Joshua J. Mark
published on 18 January 2012
What, exactly, this mystic ritual was, no one knows; but why the ancient Greeks participated in it can be understood by the testimonials of the initiated.
The Eleusinian Mysteries, held each year at Eleusis, Greece, fourteen miles northwest of Athens, were so important to the Greeks that, until the arrival of the Romans, The Sacred Way (the road from Athens to Eleusis) was the only road, not a goat path, in all of central Greece. The mysteries celebrated the story of Demeter and Persephone but, as the initiated were sworn to secrecy on pain of death as to the details of the ritual, we do not know what form this celebration took. We do know, though, that those who participated in the mysteries were forever changed for the better and that they no longer feared death.
Demeter and Persephone
Demeter, the goddess of nature, had a daughter, Kore, who was kidnapped and, by some accounts, raped, by Hades, lord of the underworld. Demeter searched for her Kore all across the earth in vain, finally coming to rest by a well in the city of Eleusis. There, disguised as an old woman, she cared for the queen's son, baptizing him nightly in fire so that he would be immortal. When the queen, one night, found her nursemaid placing her son in the fire she was understandably upset - but not as angry as the grieving goddess who then threw off her disguise and revealed her glory and her wrath. Mollified, as long as the people would build her a temple in Eleusis, Demeter taught the queen's son, Triptolemos, the art of agriculture. Zeus, king of the gods, persuaded Hades to return Kore to her mother as, in Demeter's grief, the crops were dying, people starving, the gods not receiving their accustomed tribute. Hades agreed but had tricked Kore into eating some pomegranate seeds and, if one ate in the land of the dead, one remained with the dead. As she had only eaten some, however, it was agreed she would spend half the year with Hades in the underworld and half with her mother on earth. Kore emerged from the underworld as Persephone (`she who brings doom') the Queen of the dead and, while she remained on earth, Demeter caused the world to be fruitful while, when Persephone was in the underworld, the plants withered and died; thus the seasons were explained.
There were the Lesser Mysteries, which took place in the spring, and the Greater Mysteries which those who had been purified earlier took part in when September came. They walked the Sacred Way from Athens to Eleusis calling for the Kore and re-enacting Demeter's search for her lost daughter. At Eleusis they would rest by the well Demeter had rested by, would fast, and would then drink a barley and mint beverage called Kykeon. It has been suggested that this drink was infused by the psychotropic fungus ergot and this, then, heightened the experience and helped transform the initiate. After drinking the Kykeon the participants entered the Telesterion, an underground `theatre', where the secret ritual took place. Most likely it was a symbolic re-enactment of the `death' and rebirth of Persephone which the initates watched and, perhaps, took some part in. Whatever happened in the Telesterion, those who entered in would come out the next morning radically changed. Virtually every important writer in antiquity, anyone who was `anyone', was an initiate of the Mysteries.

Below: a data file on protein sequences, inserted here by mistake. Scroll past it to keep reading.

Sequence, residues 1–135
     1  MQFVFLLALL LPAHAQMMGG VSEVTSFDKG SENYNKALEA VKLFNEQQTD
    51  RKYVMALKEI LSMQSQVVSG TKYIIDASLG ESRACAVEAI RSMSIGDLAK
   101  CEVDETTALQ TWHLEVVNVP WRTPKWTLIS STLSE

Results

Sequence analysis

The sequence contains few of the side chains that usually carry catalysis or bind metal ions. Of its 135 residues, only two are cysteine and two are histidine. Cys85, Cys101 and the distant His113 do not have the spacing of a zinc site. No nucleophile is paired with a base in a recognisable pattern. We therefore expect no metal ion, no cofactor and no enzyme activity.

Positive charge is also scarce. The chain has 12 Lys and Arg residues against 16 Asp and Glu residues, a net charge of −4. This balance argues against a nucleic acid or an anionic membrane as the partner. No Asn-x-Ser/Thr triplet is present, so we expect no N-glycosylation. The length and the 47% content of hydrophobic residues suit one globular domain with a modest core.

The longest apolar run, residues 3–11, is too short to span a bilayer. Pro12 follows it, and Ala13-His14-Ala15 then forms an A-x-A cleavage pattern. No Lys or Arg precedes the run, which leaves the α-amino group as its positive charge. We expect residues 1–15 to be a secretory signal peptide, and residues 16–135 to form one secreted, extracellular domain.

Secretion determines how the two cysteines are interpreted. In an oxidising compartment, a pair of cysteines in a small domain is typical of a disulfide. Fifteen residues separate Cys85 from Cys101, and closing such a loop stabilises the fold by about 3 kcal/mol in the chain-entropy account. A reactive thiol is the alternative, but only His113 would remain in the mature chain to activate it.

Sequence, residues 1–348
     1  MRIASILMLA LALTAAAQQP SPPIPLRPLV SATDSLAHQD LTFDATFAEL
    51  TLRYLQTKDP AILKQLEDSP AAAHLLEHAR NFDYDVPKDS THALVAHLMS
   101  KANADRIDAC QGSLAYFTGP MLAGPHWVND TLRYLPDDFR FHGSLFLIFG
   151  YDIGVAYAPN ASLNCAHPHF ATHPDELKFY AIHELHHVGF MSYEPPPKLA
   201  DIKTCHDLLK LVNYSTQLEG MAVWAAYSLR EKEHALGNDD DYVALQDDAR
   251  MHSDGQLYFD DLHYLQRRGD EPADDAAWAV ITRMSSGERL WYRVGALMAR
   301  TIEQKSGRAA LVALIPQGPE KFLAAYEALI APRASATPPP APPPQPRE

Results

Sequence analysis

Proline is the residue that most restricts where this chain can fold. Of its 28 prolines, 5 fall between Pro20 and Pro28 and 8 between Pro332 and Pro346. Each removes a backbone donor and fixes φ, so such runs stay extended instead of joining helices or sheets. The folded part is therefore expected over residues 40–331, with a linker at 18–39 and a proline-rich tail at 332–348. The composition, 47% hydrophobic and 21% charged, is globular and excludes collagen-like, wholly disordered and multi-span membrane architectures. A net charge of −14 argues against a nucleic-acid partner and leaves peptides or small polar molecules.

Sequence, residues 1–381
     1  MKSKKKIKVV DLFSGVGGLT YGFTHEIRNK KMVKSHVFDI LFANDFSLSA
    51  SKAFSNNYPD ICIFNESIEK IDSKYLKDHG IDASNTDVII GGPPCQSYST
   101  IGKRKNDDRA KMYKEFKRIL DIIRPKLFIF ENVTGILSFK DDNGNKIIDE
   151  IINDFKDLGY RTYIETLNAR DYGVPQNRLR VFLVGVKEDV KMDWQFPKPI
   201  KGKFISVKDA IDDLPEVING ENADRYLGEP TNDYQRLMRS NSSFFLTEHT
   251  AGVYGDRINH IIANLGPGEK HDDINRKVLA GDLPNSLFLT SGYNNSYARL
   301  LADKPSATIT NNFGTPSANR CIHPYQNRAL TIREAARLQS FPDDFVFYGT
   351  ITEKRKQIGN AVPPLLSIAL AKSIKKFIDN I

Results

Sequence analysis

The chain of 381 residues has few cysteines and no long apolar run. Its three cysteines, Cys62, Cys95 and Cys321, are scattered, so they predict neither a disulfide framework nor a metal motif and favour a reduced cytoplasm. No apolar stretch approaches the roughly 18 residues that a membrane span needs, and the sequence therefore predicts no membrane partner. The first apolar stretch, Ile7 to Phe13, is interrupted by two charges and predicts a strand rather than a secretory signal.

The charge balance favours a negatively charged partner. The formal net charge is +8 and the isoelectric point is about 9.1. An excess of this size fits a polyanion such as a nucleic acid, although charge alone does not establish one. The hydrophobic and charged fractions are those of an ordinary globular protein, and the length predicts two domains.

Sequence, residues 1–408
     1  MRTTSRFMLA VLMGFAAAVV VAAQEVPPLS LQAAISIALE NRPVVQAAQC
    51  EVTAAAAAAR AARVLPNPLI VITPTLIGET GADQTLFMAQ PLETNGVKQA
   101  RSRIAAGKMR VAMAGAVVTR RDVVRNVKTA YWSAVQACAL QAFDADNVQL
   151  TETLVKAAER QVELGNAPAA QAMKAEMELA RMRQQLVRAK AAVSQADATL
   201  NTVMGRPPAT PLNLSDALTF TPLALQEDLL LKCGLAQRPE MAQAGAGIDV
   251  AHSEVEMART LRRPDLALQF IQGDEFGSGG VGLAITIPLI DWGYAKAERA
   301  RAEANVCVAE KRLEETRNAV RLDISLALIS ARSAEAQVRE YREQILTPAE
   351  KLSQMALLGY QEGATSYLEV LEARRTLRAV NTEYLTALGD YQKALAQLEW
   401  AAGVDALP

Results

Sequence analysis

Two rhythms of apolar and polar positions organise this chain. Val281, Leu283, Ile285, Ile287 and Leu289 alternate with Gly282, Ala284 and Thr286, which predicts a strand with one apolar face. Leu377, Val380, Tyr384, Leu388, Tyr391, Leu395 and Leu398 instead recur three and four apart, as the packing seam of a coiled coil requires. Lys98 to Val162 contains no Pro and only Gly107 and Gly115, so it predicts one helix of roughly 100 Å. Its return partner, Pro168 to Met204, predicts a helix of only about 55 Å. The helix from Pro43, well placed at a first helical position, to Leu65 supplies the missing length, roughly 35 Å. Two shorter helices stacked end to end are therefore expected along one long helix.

Plato, an initiate himself (as Socrates was before him) mentions the Mysteries specifically in his famous dialogue on the immortality of the soul, the Phaedo, " our mysteries had a very real meaning: he that has been purified and initiated shall dwell with the gods" (69:d, F.J. Church trans). Plutarch, writing to his wife on the death of their daughter, says, "because of those sacred and faithful promises given in the mysteries...we hold it firmly for an undoubted truth that our soul is incorruptible and immortal. Let us behave ourselves accordingly"(Hamilton, 179). And, says further, "When a man dies he is like those who are initiated into the mysteries. Our whole life is a journey by tortuous ways without outlet. At the moment of qutting it come terrors, shuddering fear, amazement. Then a light that moves to meet you, pure meadows that receive you, songs and dances and holy apparations" (Hamilton, 179). Cicero writes, "Nothing is higher than these mysteries...they have not only shown us how to live joyfully but they have taught us how to die with a better hope" and the historian Durant states of the mysteries, "In this ecstasy of revelation...they felt the unity of God, and the oneness of God and the soul; they were lifted up out of the delusion of individuality and knew the peace of absorbtion into deity" (Durant, 189).Waverly Fitzgerald sums the experience up clearly with, "It was said of those who were initiated at Eleusis that they no longer feared death and it seems that this myth confirms the cyclical view of life central to pagan spirituality: that death is part of the cycle of life and is always followed by rebith."
The Eleusinian Mysteries were closed down by the Christian Emperor Theodosius in 392 CE as he saw the ancient rites as inspiring resistance to Christianity and the `truth' of Christ. The temple of Demeter and every sacred site in Eleusis was sacked by the Arian Christians with Alaric, King of the Goths, in his invasion of 396 CE, leaving only ruins and rubble where once the people of the ancient world gathered to experience viscerally the truths of life, of death, and the promise of rebirth.
This article was first published on the site Suite 101. C. 2009 Professor Joshua J. Mark